A leaky house is just like a leaky bucket. The higher the water level or the higher the temperature, the faster it leaks.
posted by JackFlash at 12:33 PM on January 2, 2008 [1 favorite]

Replace that typo with: But remember you are only paying for the water that leaks out of the bucket and for several hours during the day it was leaking more slowly because the temperature was lower.
posted by JackFlash at 12:38 PM on January 2, 2008

Electric dog/cat animal warmer:

I have one for my wussy cocker spaniel.
posted by andreap at 1:50 PM on January 2, 2008

On the leaky house subject:

I am by no means a physicist, but I don't think it follows, just by assertion, that heat loss from a building is exactly equivalent (whether by a linear, logarithmic or exponential relationship) to how water pressure affects the rate of loss of water from a bucket with a hole in it.
posted by galaksit at 2:16 PM on January 2, 2008

I am by no means a physicist, but I don't think it follows, just by assertion, that heat loss from a building is exactly equivalent (whether by a linear, logarithmic or exponential relationship) to how water pressure affects the rate of loss of water from a bucket with a hole in it.

I didn't say they were exactly equivalent but for the purposes of the analogy they may as well be. Most of the heat lost from a house is by conduction through the walls, windows and ceiling. Physics tells us that if you double the temperature difference between the inside and outside, you double the rate of heat flowing out. This is very much like increasing the water pressure by raising the level of water in the bucket. A large temperature difference behaves just like a large pressure difference -- it increases the rate of flow.

The same reasoning applies to the other two sources of heat loss, convection (drafts) and radiation. If you increase the temperature difference between the inside and outside, you increase the heat flow.

This might seem off topic but some people above suggested as a solution that the OP may as well leave the heat up all the time because it doesn't save any energy. This is not true.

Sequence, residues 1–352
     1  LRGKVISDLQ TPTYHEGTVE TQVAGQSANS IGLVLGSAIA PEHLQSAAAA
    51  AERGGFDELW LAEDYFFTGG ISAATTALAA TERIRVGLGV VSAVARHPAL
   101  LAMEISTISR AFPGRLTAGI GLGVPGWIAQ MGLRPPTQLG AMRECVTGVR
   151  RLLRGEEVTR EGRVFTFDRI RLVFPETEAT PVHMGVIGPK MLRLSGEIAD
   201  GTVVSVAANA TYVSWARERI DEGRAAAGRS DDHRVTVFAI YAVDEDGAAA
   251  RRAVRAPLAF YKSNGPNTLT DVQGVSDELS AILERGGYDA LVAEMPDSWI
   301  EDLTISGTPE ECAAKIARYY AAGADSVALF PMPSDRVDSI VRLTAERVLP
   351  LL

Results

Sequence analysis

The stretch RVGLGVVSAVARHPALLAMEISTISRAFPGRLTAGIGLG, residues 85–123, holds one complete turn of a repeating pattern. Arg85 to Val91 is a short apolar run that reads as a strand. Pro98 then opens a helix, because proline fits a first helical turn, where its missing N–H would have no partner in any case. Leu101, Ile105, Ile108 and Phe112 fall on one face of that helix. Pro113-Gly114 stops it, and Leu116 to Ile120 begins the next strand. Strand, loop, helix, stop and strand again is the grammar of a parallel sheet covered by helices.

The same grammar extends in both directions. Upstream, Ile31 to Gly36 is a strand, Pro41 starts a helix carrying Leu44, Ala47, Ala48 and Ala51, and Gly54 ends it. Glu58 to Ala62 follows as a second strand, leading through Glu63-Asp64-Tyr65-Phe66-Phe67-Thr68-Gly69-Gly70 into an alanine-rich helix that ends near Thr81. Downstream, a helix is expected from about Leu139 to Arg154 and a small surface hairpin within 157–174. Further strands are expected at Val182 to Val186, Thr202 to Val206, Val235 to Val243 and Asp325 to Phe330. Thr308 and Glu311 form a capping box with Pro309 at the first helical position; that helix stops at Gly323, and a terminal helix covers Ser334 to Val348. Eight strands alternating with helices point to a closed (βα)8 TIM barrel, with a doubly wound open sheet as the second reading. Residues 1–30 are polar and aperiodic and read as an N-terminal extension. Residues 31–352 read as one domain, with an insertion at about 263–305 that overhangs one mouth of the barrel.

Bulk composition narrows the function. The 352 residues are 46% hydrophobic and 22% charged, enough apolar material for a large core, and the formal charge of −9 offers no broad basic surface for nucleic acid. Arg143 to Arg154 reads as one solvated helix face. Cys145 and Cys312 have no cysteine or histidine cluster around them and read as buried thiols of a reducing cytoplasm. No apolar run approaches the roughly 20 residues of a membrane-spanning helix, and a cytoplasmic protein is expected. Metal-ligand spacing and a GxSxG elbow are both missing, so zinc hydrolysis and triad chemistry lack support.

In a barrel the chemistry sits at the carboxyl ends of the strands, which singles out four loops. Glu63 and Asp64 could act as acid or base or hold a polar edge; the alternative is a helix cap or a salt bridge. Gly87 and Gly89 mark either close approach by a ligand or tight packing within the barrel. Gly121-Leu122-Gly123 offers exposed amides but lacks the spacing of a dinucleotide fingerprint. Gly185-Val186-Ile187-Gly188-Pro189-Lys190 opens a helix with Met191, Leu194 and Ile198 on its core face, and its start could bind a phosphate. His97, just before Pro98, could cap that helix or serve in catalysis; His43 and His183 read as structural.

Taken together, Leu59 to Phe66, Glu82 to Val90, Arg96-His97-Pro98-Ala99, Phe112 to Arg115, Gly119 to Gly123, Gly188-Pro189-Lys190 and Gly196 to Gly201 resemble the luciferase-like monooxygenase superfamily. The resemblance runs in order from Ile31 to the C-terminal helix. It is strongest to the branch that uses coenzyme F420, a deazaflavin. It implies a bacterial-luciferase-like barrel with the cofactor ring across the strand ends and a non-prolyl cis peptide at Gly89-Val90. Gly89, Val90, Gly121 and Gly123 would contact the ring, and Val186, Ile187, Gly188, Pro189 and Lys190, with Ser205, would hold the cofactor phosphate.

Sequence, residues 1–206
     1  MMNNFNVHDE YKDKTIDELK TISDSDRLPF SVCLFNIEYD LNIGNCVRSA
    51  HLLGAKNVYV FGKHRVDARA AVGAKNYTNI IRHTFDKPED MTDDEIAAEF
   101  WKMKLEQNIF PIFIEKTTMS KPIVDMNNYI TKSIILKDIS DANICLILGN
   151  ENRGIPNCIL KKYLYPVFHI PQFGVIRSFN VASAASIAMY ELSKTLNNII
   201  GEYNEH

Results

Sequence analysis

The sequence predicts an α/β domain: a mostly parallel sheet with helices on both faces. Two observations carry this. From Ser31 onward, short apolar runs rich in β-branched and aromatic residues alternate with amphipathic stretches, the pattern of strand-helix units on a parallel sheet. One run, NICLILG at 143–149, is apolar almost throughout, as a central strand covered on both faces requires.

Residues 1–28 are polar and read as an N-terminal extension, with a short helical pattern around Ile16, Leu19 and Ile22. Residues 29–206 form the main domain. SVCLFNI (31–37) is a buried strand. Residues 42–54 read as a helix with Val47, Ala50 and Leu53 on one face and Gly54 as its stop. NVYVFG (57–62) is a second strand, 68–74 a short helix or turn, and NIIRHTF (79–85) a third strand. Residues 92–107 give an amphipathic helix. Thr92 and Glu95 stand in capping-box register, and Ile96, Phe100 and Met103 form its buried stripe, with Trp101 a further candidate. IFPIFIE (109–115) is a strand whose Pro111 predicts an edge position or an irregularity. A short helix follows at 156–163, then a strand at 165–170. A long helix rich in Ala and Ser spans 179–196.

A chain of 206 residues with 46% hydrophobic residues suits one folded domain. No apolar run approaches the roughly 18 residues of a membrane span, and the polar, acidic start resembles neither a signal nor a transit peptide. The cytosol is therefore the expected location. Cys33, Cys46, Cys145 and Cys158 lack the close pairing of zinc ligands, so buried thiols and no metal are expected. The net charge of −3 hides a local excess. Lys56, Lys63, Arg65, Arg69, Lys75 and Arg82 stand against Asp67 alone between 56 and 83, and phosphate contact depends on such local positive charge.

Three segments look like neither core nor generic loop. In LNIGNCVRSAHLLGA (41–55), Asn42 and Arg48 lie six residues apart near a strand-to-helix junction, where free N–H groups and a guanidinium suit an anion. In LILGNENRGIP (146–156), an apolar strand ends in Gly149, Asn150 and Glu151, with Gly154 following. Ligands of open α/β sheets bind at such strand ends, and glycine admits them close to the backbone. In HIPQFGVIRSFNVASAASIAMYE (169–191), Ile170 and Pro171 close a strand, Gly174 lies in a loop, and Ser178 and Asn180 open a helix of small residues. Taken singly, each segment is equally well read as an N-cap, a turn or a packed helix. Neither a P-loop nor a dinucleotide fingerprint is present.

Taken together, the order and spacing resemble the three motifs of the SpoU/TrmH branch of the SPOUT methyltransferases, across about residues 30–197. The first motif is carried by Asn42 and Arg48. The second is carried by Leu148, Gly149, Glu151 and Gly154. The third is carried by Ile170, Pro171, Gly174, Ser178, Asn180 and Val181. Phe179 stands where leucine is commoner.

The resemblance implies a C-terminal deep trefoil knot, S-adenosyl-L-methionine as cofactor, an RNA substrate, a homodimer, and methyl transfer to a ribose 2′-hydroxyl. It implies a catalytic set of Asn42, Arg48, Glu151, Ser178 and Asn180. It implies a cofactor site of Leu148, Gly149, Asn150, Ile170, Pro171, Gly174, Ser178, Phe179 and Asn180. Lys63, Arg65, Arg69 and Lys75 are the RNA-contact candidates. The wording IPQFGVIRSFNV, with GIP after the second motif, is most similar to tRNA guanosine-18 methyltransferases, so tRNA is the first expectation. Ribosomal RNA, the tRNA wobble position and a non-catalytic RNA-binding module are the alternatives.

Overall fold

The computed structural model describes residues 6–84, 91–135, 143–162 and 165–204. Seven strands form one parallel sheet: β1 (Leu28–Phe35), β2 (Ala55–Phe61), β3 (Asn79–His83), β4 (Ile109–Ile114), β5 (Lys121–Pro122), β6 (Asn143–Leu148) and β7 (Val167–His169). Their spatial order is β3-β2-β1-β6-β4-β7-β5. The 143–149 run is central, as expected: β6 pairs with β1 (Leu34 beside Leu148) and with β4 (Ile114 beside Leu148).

posted by JackFlash at 3:22 PM on January 2, 2008

Get another kitty so they can snuggle together... or run amok - either will do the trick :)
posted by mu~ha~ha~ha~har at 5:25 PM on January 2, 2008

My local pet shop sells little cat dens that are like a box made out of padding, with a hole in one end for the cat to go in and out of, just big enough for a cat to lie down or stand up in. While it doesn't get particularly cold here, I expect that sort of thing would keep a cat comfortable, especially if put inside another cardboard box.
posted by aeschenkarnos at 8:32 PM on January 2, 2008

Lots of feral cats survive the winter living in unheated spaced.

And a lot of feral cats live short, unpleasant lives. We're supposed to want better for our pets.

Having your cat live somewhere too cold can cause kidney damage. I've seen it happen from two or three nights outside in a cold environment (above freezing), and it wasn't a happy eight months while he slowly wasted away. I don't know how low you can go before health problems set in, although I'd expect it to be similar as for humans, but don't go leaving your cat somewhere which is close to freezing fur coat or no. Even better, get some real information from a properly trained animal professional (preferably by ringing your vets office, it will be free and quick) rather than going by the crap posted here.
posted by shelleycat at 1:04 AM on January 3, 2008

jeez, Shelley, I wasn't advocating that she turn the heat off completely, just pointing out that 50 degrees or so is unlikely to cause harm-- and that's the temp under which your house may begin to have issues in the winter.

Sometimes this place is full of people who purposefully misconstrue the most innocuous comments.
posted by miss tea at 4:43 AM on January 3, 2008 [1 favorite]

I've set the apartment to 58 while I'm at work today, we'll see how pissed off he is when i get home.
posted by Oktober at 11:03 AM on January 3, 2008